Today, I voted against all amendments added to the European Union Withdrawal Bill by the House of Lords.
I have been contacted by a number of constituents specifically regarding the Dubs amendment, concerned with ensuring the continuity of child refugee provisions, and would like to clarify my position.
My objections to the Lords amendment, and my objections to those tabled by the Commons, are due to procedural matters and do not reflect government policy on child refugees.
Indeed, the government has been explicitly clear that it intends to continue supporting child refugees and the reunion of their families. The Home Secretary has announced her intention to negotiate provisions for child refugees with the European Union following the transition period.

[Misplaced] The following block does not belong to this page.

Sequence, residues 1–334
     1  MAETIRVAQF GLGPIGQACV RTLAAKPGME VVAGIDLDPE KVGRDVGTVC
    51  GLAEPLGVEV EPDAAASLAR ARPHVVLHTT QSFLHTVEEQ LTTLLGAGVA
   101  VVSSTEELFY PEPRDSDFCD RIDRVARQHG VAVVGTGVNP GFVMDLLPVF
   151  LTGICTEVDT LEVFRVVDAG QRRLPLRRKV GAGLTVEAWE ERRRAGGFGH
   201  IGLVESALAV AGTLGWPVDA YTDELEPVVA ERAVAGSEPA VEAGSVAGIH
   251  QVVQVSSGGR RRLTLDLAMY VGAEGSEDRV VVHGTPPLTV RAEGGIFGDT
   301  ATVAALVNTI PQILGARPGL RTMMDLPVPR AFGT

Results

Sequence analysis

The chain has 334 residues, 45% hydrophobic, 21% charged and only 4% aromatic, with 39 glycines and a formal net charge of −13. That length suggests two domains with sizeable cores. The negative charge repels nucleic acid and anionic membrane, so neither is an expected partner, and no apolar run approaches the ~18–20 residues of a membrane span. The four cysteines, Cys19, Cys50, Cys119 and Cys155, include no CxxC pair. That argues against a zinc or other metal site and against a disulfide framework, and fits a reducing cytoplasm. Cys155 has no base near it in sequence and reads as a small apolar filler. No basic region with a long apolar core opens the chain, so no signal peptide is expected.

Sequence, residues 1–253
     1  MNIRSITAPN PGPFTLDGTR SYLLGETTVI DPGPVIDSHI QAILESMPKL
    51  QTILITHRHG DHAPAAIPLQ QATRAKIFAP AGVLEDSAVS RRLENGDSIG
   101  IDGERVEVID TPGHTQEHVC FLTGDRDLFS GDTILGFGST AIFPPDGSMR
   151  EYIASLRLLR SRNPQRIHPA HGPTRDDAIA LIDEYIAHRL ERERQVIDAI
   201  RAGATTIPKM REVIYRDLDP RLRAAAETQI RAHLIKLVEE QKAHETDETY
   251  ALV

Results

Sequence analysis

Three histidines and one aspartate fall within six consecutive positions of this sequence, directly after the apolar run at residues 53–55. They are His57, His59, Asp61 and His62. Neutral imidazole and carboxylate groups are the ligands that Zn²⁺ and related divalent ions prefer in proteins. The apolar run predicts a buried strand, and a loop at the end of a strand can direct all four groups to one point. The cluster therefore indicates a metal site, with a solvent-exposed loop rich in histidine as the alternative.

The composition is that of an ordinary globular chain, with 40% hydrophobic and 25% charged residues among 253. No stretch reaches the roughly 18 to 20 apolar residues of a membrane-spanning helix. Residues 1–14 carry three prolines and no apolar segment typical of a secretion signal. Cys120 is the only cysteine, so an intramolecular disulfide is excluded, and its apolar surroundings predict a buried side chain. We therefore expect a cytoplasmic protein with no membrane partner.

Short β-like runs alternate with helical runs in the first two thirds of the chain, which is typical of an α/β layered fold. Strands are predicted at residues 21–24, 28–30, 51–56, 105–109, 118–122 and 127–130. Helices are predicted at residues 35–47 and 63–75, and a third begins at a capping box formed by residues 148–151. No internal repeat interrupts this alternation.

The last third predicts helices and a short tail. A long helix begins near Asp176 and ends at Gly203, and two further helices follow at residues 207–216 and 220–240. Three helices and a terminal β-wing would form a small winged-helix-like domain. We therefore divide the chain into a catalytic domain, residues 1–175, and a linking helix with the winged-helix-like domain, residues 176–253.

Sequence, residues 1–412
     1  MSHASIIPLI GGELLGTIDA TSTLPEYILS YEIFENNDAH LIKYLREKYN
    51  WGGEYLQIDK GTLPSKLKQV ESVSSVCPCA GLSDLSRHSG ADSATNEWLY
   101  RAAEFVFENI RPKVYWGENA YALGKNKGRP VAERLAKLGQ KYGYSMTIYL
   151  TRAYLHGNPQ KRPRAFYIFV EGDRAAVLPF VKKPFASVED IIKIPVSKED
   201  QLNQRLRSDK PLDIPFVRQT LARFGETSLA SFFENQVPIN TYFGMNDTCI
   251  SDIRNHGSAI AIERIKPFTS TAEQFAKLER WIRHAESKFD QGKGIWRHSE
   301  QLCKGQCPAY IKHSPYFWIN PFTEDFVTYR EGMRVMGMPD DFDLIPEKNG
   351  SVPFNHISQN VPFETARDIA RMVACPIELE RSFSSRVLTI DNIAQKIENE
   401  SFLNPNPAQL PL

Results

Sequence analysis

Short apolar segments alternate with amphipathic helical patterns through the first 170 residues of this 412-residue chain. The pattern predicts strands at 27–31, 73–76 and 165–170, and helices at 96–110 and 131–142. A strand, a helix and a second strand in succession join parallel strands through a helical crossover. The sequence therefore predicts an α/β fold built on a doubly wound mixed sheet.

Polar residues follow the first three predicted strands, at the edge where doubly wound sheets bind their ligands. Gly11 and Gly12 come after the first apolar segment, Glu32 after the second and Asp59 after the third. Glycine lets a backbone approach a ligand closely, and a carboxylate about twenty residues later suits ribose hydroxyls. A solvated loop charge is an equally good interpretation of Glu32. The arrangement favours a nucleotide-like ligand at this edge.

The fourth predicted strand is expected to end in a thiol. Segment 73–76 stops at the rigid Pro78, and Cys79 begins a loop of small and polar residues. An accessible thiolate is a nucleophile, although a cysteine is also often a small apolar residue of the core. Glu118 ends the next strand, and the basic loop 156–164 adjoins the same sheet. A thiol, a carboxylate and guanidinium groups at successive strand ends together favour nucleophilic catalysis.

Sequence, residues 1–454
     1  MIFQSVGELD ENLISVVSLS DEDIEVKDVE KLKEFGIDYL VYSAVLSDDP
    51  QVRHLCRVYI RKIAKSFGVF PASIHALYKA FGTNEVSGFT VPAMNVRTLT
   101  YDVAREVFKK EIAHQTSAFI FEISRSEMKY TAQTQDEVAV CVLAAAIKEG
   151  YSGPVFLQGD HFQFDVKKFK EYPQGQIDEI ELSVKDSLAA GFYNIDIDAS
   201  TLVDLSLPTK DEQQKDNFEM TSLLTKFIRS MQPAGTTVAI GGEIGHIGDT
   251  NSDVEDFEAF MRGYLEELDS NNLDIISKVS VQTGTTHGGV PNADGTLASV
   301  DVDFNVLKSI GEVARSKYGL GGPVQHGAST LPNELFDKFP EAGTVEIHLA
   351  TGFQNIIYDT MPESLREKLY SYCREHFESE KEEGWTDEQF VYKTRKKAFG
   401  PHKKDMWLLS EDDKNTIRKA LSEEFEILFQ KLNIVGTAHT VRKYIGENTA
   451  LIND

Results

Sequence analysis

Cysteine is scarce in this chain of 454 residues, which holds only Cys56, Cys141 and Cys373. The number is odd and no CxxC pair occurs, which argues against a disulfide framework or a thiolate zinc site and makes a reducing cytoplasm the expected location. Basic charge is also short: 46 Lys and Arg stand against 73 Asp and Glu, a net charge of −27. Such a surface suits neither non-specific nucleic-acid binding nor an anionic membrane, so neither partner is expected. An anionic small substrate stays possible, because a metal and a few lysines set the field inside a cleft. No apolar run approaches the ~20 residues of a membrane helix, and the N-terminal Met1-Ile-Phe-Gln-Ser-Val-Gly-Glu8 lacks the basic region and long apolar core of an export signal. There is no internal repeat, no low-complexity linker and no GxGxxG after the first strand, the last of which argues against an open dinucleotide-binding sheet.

It is not the role of the legislature to negotiate international treaties, and by amending the European Union Withdrawal Bill the opposition parties continue to play partisan games with the country’s political process.
Using issues like this as a political tool to try and make headlines is not a productive use of parliamentary time. The passing of the European Union Withdrawal Bill will allow decisions on the status of child refugees to be made by our sovereign parliament in future.